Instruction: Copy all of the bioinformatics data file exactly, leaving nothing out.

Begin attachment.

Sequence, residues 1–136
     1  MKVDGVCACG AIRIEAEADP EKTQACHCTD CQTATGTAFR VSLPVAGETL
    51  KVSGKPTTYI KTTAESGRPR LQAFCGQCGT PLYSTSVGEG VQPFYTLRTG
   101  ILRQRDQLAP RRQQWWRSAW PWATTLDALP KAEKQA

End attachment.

Sequence, residues 1–136
     1  MKVDGVCACG AIRIEAEADP EKTQACHCTD CQTATGTAFR VSLPVAGETL
    51  KVSGKPTTYI KTTAESGRPR LQAFCGQCGT PLYSTSVGEG VQPFYTLRTG
   101  ILRQRDQLAP RRQQWWRSAW PWATTLDALP KAEKQA